February 9, 2013 by wandalusst
Well, a lot, really. Greetings, fellow TTFO travellers. I have been thinking a lot about creativity as my own creative process continues. Since the extraordinary experience of being part of TTFO’s creative development process late last year, I have been re-working some of the music in the play proper, and thinking about, and then writing, some more music for Swansong!!! (the oratorio-as-coda; please note that those three exclamation points are incredibly important). Five new pieces in Swansong are in development, mostly written during my holiday break over the December/January period; it’s such a buzz, really. Both scary and exhilarating.
Our illustrious playwright, Peta Murray, certainly sets a challenge for her creative collaborators. It is wonderful to have a playwright who has such clarity about the vision she has for her work; the challenge for the creative collaborator (like her composer) is to both realise that vision and also, in some way, contribute her own voice to the process. So, what is the creative process for me?
Firstly, I do have to love it. And I am. And I do. I love Peta Murray’s words. I love her inter-weaving themes. I love the way her mind works. I love what she is saying. I love the fact that I am part of a work that is, amongst other things, about women’s voices being heard. And about the ‘rights’ of Late Bloomers to create and have their own voice. As I set her words to music I am, without exception, moved by them. Whether they are funny, poignant, thoughtful, outrageous, touching or just plain intelligent – they never fail to move me. In the setting of her words, for me they become stronger and deeper. And more affecting.
Secondly, I need to look at what Peta Murray would describe as the architecture of the work. For Swansong the work is divided into a range of songs and ‘recitatives’, or passages that move the story forward. Some of this was clear to me in how to set the text by the way the text is presented; other times it was less clear. I look at an overarching balance of style, key and feel. I mean, you can’t have a funky piece followed by a funky piece followed by a funky piece, or a ballad followed by a ballad followed by a ballad all in the key of C major, can you? Well, of course you could, but the arc of the narrative, in both text and music, and then the associated differentiating styles of approach, is important to me. I look at keys, time-signatures, feel, instrumentation, melodic shape, texture. Sometimes the music comes quickly; other times it takes much musing over the text to find my way into it, into its rhythm and sound-scape; what that feel should be.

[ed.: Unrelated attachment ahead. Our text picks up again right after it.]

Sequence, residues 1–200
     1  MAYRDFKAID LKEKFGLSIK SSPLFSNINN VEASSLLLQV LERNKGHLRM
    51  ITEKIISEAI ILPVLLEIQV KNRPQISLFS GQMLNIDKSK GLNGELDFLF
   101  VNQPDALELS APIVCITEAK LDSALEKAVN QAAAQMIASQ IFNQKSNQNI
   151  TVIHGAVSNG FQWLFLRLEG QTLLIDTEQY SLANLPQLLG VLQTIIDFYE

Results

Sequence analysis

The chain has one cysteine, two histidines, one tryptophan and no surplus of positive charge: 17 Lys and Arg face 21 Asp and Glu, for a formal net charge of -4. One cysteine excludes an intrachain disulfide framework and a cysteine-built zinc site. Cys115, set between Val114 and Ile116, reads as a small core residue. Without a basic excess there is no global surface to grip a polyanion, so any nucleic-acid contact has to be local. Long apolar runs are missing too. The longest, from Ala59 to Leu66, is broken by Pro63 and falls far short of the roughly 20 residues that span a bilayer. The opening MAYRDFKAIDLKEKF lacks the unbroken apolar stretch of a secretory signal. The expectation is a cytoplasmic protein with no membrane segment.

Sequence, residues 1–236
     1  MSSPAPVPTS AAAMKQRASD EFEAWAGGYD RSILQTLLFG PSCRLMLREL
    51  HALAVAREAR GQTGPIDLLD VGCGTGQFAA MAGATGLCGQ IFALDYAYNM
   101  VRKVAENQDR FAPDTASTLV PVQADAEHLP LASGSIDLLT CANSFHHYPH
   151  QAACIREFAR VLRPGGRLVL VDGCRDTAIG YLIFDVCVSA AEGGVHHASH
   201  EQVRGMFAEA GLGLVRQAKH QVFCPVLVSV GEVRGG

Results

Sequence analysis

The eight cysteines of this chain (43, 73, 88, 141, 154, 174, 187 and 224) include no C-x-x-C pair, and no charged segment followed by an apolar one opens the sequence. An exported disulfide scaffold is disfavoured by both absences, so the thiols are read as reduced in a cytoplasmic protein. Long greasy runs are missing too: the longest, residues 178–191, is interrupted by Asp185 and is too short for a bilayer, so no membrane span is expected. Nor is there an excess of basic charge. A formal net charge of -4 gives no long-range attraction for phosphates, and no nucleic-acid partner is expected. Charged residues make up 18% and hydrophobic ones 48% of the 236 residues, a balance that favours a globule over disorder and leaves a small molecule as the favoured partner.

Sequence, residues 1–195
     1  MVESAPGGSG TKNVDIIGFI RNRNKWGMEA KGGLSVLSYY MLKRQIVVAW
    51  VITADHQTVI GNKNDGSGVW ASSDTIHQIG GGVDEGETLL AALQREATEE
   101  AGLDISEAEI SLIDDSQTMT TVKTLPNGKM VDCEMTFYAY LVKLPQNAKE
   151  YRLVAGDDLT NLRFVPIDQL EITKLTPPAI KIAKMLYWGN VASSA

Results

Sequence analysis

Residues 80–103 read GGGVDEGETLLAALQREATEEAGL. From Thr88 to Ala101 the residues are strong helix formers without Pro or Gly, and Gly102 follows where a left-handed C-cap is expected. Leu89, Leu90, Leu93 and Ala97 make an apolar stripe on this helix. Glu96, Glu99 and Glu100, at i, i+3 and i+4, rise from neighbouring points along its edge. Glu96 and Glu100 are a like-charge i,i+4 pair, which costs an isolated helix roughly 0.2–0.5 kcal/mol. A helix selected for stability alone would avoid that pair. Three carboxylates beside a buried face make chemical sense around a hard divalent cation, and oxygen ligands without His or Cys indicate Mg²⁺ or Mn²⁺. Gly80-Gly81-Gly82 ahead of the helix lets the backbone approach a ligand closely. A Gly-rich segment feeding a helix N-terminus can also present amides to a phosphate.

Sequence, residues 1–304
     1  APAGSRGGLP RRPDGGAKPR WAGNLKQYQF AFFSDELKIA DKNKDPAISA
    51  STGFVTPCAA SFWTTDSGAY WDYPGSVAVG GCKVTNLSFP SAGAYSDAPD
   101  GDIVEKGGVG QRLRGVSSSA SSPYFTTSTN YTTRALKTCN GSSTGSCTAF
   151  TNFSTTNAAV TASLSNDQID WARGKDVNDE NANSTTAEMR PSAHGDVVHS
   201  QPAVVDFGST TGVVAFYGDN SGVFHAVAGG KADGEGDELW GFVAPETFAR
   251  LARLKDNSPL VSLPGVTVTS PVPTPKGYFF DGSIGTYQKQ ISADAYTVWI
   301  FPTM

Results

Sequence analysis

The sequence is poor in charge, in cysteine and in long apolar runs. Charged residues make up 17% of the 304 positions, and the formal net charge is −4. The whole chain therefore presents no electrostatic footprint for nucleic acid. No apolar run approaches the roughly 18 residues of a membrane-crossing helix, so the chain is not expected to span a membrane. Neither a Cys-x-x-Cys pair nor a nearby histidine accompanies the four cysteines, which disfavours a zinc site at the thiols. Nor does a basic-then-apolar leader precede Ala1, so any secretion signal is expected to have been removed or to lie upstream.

And then after a piece is written, it needs to be reviewed. Time and time again. The scariest thing for me is when I hit the ‘send’ button and send a new piece to our playwright for her views. Given we work really well together, and we have an agreement to be completely honest and respectful with each other in terms of our feedback, that shouldn’t be so scary, but there is always a vulnerable part of an artist that kicks in at that moment. There is also another part of me, when I strongly believe in a new work, that knows its strength. Some pieces almost come out fully formed; other pieces need a lot of revision, re-writing, or even ‘letting go’. And the feedback from Peta Murray, whose baby this is, is vital. The joy of the creative development process last year for me was to hear the music come alive, with our wonderful Quire, actors, musicians and musical director; the greatest music software can never take away the importance of live performance in realising your vision. That’s how you test what is working, and what isn’t. That’s how you really understand whether your vision for this piece comes across through your creation and arrangement of it. And then to see how co-director Robin Laurie might set the ‘movement’ of the actors to the music… another wonderful thing indeed.
Music has been my passion since I was a small girl, when I first listened to my grand-mother play the piano on her visits, and when I first realised I could ‘pick out’ a tune on the piano. I have come to my own creativity late in life, a ‘Late-Bloomer’, as TTFO would say. It is only part of my life, as my paid job is in another arena; but it is my passion. The arts have always been my passion, and now my own music and creative process is part of that.
Roll on, TTFO. Be true to yourself! Power to our collective elbow!